London – Ghana’s President Mahama demand local production of AIDS drugs
This is to ensure a more affordable treatment of people living with AIDS.
An official statement from the Ghanaian Presidency said that he made the call during a high-level meeting of the UNAIDS and Lancet Commission in London.
Mahama stated that instead of the costly importation of these much-needed drugs, African nations could, and must, be supported to produce these drugs much more cheaply at home.
He added that many more lives would be saved through this proposal and the fight against HIV and AIDS could be won much more quickly.
President Mahama, who is one of three heads of state serving as Commissioners on the international body, said that the difficulty in accessing drugs was one of the major challenges confronting HIV patients.
He described the situation as a serious negative reflection of a lopsided structure in the production of ARV drugs globally.
Mahama challenged UNAIDS, the Global Fund to fight AIDS, Tuberculosis and Malaria and other partners in the international community, to provide tangible assistance for building the capacities of local pharmaceutical companies in African countries.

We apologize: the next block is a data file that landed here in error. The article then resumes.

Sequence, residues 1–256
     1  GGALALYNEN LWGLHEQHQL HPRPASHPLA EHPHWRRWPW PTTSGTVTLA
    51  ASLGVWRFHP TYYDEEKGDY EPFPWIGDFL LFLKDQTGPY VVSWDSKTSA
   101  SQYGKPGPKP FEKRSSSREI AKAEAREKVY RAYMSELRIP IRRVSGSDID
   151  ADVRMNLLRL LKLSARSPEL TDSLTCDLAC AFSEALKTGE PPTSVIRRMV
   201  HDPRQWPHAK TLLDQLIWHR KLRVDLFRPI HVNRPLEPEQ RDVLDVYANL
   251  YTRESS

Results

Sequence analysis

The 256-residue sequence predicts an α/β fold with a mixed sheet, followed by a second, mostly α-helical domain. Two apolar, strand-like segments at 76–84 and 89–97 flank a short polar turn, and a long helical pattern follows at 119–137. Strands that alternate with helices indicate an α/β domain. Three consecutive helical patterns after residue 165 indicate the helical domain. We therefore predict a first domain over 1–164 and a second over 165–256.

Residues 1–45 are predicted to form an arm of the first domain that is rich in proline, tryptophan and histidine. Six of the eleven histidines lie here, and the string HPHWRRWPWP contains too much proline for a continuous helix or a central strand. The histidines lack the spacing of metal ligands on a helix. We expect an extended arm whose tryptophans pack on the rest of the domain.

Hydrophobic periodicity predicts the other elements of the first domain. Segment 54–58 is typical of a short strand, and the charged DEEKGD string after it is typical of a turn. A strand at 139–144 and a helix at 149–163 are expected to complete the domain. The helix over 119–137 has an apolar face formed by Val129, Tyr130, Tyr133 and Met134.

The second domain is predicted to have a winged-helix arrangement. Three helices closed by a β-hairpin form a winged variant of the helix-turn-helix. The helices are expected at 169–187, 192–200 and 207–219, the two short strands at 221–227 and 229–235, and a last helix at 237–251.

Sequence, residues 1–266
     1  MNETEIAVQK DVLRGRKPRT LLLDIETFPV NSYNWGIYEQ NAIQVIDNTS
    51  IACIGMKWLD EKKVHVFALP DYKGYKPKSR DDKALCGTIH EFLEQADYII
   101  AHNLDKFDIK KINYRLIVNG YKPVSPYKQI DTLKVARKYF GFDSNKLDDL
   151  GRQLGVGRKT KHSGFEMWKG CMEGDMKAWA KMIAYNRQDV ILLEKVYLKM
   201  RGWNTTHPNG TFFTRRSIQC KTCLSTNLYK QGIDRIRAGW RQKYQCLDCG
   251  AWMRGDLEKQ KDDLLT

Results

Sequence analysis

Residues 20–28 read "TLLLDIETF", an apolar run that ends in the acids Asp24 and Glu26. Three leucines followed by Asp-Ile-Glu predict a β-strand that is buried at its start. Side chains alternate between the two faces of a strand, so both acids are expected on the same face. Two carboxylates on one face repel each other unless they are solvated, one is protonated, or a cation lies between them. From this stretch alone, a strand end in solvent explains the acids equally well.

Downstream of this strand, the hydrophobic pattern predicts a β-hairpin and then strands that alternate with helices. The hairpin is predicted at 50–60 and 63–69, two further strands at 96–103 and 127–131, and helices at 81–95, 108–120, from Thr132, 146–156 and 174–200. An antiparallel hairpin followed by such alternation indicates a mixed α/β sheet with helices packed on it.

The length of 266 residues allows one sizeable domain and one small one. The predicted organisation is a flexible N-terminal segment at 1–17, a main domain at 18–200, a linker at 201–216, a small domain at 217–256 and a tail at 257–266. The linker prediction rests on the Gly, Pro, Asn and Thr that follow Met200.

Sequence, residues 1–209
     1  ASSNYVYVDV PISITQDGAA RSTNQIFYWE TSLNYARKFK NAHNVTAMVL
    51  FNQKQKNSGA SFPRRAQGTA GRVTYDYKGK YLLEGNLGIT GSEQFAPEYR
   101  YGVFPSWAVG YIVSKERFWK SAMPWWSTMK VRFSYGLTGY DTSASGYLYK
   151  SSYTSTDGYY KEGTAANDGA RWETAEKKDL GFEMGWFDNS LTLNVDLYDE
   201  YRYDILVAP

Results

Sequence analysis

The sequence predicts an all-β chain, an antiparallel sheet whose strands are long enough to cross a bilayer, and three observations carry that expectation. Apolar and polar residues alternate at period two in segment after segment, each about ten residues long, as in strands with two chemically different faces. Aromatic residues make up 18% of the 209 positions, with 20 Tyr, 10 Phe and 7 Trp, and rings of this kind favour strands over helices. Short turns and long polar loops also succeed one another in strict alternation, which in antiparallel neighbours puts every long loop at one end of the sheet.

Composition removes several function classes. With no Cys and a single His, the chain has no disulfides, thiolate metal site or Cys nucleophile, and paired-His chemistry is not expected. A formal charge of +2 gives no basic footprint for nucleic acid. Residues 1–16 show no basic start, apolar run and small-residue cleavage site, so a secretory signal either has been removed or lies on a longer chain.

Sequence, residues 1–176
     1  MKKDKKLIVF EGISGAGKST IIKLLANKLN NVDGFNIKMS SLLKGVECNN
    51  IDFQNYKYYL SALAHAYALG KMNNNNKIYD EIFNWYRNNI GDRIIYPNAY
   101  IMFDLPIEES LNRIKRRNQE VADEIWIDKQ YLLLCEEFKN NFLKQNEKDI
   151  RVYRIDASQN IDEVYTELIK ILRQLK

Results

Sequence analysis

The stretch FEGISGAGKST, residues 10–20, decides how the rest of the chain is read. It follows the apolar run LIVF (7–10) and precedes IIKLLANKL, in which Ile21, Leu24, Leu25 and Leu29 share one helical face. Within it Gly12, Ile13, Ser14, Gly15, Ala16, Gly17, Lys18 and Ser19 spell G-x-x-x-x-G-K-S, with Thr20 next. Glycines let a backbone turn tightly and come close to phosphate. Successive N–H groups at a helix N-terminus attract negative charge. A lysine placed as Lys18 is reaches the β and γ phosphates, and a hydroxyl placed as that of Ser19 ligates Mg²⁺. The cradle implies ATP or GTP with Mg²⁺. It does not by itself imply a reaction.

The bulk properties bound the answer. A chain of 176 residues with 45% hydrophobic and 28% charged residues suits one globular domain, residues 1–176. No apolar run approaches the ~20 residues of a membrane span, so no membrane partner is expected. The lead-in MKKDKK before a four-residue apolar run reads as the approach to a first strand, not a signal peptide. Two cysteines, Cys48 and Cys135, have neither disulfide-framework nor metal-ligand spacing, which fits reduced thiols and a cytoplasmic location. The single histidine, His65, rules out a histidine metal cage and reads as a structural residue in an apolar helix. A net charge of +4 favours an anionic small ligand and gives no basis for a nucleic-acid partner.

He warned that failure to adopt and support such a scheme could reverse the gains already made in the global fight against HIV and AIDS, especially in affected poor nations.
He noted that in spite of Ghana’s remarkable success over the years in the fight against HIV and AIDS, these gains could be negatively affected if affordability and accessibility continued to be challenges for people living with AIDS.
He stressed his government’s commitment and determination to ensure the consolidation of the gains made so far in defeating AIDS. (PANA/NAN)